Manchester United have assured disgruntled fans that the club's priority is success on the pitch rather than making money, saying they are committed to "winning trophies at the highest level".
Ole Gunnar Solskjaer's struggling team lost 2-0 at West Ham on Sunday to fall 10 points behind leaders Liverpool after just six Premier League games.
United, who have been criticised for their focus on commercial success despite faltering performances, are languishing in eighth spot in the league, three points adrift of a top-four position.
They have not won the Premier League since 2013 and did not qualify for this season's Champions League.
At a fans' forum before the side's 1-0 home victory against Leicester earlier this month, one of the concerns raised was the club's apparent failure to attract top talent and the link with the recent lack of success.
In its response the club acknowledged that recruitment was crucial.
"We are committed to getting this right and there has been huge investment in this area to put our recruitment department into a position to be able to deliver the manager the players he wants," the minutes of the meeting said.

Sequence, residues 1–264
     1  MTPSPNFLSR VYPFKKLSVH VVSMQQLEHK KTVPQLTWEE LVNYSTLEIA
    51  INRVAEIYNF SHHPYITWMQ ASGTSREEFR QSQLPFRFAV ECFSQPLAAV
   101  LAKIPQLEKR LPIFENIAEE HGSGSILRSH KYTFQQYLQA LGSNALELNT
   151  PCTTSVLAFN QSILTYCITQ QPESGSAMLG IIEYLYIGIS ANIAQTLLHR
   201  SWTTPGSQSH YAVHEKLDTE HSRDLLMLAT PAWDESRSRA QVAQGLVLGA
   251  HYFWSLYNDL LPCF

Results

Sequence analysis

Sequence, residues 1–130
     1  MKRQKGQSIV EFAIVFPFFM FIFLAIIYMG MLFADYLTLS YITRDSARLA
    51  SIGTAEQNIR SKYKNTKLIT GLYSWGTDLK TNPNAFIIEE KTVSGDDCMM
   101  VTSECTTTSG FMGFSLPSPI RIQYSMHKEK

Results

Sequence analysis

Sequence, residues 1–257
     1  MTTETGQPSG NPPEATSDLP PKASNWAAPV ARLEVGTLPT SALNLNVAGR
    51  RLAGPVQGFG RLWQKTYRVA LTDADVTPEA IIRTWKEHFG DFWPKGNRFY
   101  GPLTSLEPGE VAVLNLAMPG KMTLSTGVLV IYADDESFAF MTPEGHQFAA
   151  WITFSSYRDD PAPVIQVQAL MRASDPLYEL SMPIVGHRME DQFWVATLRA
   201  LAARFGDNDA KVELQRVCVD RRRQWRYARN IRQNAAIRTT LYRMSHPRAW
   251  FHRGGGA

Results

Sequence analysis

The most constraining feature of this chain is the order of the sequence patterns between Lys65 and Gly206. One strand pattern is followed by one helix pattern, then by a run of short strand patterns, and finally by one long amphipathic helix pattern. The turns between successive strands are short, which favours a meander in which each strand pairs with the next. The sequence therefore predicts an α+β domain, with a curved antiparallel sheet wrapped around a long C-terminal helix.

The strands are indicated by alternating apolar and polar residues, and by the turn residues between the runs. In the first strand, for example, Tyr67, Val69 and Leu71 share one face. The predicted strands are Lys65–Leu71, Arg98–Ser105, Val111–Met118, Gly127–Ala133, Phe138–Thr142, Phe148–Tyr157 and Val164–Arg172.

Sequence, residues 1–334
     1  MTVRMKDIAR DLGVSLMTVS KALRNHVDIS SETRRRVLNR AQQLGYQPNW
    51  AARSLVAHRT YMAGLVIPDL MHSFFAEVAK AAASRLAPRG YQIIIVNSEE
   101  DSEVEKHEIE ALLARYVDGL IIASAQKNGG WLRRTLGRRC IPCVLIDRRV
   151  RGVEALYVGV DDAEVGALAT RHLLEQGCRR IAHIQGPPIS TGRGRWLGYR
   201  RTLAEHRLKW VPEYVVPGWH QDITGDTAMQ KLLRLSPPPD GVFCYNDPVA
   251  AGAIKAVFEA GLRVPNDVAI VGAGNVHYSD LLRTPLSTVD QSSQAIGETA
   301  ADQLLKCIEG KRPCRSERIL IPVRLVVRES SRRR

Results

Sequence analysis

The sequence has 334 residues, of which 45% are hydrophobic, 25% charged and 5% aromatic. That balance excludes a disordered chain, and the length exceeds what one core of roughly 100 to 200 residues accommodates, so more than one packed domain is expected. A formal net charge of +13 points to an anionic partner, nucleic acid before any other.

"This process is significantly more effective than four to five years ago."
United, who spent around £145 million ($180 million) on signing Harry Maguire, Aaron Wan-Bissaka and Daniel James in the summer transfer window, said the club would continue to invest.
"Everyone at the club, from the owners down, is focused on competing for and winning trophies at the highest level," the club said. "To do that, we have invested heavily in the playing squad and will continue to do so.
"At the same time, the exciting pool of talent coming through from our youth and academy sections is a result of increased investment in this area over the last five years.
"It's important to note that while our successful commercial operation helps drive that investment, the priority is the focus on achieving success on the pitch. Similarly, it is worth noting that we are not looking at or buying players based on their commercial appeal."